The last total eclipse took place in March 2016, and was visible from South/East Asia, North/West Australia, the Pacific and Indian oceans. The 2017 event will be visible in partial forms across every continent except Antarctica and Australia. However, the path of totality will only be visible across the continental United States.

Although totality slices through the U.S., partial phases of the eclipse touch on every continent except Antarctica and Australia. Credit: Michael Zeiler / The Great American Eclipse – click for full size

The path of totality will run from Oregon to South Carolina, as will be around 113 kilometres (70 miles) wide, offering people along it an unrivalled opportunity to view the eclipse  – weather permitting -, providing the right precautions are taken.

The most important aspect of viewing an eclipse “live” is never look directly at the Sun, even during the period of totality; you should at least use a solar filter or viewer. However, if you don’t have one or the other or any specialised kit, the best way to see the eclipse in the flesh is via pinhole projection. For those who are unable to see the eclipse first-hand, there are a wide variety of ways to watch the event on television or the Internet, including:

  • NASA Total Eclipse live stream is providing options to watch through NASA Edge, NASA TV, Ustream, YouTube and more. NASA’s Facebook page. These will show images of the eclipse, from 11 spacecraft, three aircraft and from more than 50 high-altitude balloons, and the astronauts on the International Space Station.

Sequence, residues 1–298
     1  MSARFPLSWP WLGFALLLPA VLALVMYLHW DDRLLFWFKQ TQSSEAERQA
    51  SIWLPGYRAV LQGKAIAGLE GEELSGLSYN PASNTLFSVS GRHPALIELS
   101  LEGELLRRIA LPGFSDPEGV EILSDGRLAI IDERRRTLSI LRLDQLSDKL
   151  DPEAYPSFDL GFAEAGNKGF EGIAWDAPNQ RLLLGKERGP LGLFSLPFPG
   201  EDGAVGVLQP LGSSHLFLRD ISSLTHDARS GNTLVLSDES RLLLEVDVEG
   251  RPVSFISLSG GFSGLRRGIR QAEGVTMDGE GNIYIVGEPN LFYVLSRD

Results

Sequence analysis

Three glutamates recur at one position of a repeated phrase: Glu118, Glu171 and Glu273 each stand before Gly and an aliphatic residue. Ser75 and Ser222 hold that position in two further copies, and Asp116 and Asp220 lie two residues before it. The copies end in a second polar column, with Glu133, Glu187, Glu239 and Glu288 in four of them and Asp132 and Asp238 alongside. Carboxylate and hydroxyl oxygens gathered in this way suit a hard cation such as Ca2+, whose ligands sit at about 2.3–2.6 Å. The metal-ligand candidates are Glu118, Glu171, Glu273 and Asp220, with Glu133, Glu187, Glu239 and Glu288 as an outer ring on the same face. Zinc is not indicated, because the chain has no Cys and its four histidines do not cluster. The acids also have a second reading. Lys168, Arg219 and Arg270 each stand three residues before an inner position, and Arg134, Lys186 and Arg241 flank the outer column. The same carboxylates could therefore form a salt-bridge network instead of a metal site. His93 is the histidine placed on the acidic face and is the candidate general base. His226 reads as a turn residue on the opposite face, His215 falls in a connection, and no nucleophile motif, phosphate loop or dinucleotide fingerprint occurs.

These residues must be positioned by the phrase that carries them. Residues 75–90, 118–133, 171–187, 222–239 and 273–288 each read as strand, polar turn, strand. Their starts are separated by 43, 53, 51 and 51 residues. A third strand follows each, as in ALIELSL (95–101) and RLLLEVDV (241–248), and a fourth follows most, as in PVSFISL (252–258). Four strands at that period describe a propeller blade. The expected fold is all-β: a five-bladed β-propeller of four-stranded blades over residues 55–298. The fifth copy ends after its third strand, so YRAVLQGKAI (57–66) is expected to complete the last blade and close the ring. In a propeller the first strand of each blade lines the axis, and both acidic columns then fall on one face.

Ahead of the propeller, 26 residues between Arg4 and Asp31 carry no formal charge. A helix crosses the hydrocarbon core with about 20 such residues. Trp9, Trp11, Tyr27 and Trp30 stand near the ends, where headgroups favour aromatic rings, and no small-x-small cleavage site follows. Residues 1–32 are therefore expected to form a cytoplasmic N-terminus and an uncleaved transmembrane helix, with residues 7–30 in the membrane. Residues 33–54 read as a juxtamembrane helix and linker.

• Slooh, the on-line community observatory, will run a webcast starting at 12:oo noon EDT (1600 GMT), as a part of a 3-day celebration of the eclipse.
  • The Virtual Telescope Project is hosting a free online observing session with views of the total solar eclipse beginning at 13:00 EDT (17:00 GMT).
  • The Eclipse Ballooning Project will be broadcasting live views of the eclipse from the edge of space via more than 57 cameras sent up on weather balloons.
  • CNN and Volvo will be providing a 360-degree view of the eclipse with 4K resolution from different locations along the eclipse path. The stream will also be viewable in virtual reality, which people can navigate by moving a phone or virtual reality headset. The live stream begins at 12:03 p.m. EDT (16:03 GMT).
  • ABC will air a two-hour special on the eclipse starting at 13:00 EDT (17:00 GMT). The broadcast will also be available on Facebook Live and YouTube

There are a number of terms common to eclipses which are worth mentioning for those who wish to follow the event, but are unfamiliar with the terminology. These include:

Eclipse Types (Moon and Sun not to scale). Credit: Cmglee
  • The umbra, within which the object in this case, the Moon) completely covers the light source (in this case, the Sun’s photosphere).
  • The antumbra, extending beyond the tip of the umbra, within which the object is completely in front of the light source but too small to completely cover it.
  • The penumbra, within which the object is only partially in front of the light source.
  • Photosphere, the shiny layer of gas you see when you look at the sun.